CAIRO, Feb. 18. – Gov. Yates, Lieut. Governor Wood, auditor Dubois and many prominent citizens from all parts of Illinois are here to look after the wounded Illinois soldiers from Ft. Donelson.
Gov. Morton and many prominent citizens of Indiana are also here for a like purpose on account of the gallant men of that State who participated in the battle.
A salute of fifteen guns was fired this morning by order of Brig. Gen. E. A. Paine in honor of the arrival at this place of Governor Yates, commander-in-chief of Illinois troops. It was answered at Bird’s Point at 2 o’clock P. M.
His Excellency held a public reception at the St. Charles Hotel, and all of the officers paid their respects to the Governor. He was received by Col. Buford and the officers of the 27th Illinois, and the officers of each regiment came up in a body lead by their several regimental bands. Col. Beauford [sic] said they came to welcome the man who had so supplied the wants of the Illinois boys and so nobly cared for all the troops he had sent forth to avenge the wrongs and injuries of our country.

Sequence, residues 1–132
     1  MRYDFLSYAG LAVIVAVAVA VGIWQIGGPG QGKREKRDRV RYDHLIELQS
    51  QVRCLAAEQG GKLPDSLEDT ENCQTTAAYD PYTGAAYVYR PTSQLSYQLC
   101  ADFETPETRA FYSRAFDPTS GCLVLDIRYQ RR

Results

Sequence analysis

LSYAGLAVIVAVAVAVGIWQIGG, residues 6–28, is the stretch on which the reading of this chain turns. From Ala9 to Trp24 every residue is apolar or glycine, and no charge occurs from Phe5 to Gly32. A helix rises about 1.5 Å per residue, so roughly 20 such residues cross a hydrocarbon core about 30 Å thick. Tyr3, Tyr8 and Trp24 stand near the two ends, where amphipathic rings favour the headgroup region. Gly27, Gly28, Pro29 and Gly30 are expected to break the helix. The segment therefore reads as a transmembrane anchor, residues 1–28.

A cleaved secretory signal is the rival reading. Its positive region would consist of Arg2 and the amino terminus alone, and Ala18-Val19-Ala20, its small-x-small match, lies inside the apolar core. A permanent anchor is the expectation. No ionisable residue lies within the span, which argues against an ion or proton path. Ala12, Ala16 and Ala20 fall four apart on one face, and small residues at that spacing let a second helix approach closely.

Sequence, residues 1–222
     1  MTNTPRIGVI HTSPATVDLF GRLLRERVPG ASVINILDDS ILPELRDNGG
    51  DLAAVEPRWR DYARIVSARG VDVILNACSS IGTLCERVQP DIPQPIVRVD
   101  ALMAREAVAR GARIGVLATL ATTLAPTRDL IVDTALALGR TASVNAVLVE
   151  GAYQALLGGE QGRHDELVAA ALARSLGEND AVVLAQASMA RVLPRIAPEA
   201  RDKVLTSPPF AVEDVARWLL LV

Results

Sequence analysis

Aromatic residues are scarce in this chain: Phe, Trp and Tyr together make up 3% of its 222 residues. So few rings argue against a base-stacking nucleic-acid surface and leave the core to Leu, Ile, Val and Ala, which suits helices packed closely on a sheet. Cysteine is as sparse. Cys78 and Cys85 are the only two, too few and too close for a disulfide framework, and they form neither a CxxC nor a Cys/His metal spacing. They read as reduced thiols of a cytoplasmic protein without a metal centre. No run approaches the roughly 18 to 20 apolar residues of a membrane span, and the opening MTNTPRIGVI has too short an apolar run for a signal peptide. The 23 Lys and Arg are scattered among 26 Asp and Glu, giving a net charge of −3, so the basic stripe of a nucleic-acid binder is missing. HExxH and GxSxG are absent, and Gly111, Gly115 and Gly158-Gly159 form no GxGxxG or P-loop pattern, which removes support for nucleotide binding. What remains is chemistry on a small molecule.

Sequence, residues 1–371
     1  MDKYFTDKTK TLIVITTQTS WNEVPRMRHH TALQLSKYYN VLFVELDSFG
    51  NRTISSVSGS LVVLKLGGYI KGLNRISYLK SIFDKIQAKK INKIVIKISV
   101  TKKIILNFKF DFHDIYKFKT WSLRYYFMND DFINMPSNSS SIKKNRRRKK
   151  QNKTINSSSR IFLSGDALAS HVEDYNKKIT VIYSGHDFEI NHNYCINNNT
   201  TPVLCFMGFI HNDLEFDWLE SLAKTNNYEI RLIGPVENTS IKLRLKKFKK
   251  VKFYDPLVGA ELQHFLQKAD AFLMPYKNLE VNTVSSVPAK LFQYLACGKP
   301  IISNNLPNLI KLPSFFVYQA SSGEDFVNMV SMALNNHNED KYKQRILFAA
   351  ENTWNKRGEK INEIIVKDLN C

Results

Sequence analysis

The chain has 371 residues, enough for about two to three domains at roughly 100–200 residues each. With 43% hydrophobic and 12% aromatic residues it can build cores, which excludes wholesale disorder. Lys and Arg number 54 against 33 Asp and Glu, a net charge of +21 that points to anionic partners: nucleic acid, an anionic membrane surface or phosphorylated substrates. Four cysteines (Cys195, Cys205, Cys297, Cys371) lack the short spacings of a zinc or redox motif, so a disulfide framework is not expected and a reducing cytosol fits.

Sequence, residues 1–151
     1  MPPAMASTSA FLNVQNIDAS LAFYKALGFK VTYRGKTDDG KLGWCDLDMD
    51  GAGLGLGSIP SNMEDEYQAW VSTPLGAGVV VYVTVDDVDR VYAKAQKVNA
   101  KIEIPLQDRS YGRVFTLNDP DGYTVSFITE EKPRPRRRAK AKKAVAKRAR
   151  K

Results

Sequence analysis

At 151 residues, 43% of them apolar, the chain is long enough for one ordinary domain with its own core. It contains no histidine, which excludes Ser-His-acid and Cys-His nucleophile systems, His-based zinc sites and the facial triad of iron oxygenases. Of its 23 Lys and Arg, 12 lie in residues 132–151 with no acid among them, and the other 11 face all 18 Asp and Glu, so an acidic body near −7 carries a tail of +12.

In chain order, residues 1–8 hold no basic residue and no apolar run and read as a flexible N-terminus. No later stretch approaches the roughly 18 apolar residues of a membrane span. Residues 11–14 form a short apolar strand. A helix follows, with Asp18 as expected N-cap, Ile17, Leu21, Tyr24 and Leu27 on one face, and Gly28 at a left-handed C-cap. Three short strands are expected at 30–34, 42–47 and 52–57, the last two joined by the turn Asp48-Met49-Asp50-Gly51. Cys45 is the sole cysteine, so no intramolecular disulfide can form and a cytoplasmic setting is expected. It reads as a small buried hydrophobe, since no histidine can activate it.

Gov. Yates responded briefly but with deep feeling, paying a handsome tribute to the memory of the fallen at Fort Donelson, and congratulating their brethren in arms for the achievement of this late victory of our arms over a traitor foe.
About 7,000 of the rebel prisoners from Fort Donelson have arrived here and departed up the Mississippi river to be disposed of by Gen. Halleck. The question of what to do with them was discussed among the Commanding officers here last night, and the conclusion seems to be that they will be divided, a portion going to Alton, another portion to Chicago, and probably a third portion going to Fort Wayne and Detroit.
Troops are continually arriving and departing for the seat of war, and our army will soon again be in readiness to advance.
It is believed, that if permitted to do so, very many of the rebel prisoners would gladly take up arms on the side of the Union. The privates, almost to a man, declare that they have seen quite enough of the secession elephant. – The officers, however, are generally very morose and bitter in their expressions relative to the North.
In addition to the list of killed and wounded previously reported, are the following:
46th Illinois, Commissary Sergeant Traverse, Killed; Lt. Col. Maltby, ball in the leg; Cornelius Shay, flesh wound in the thigh; Lieut. H. H. Boyce, severely wounded in the hip from a Minnie ball; George P. Appleton, severely wounded in the foot.
– Published in The Burlington Weekly Hawk-Eye, Burlington, Iowa, Saturday, February 22, 1862, p. 3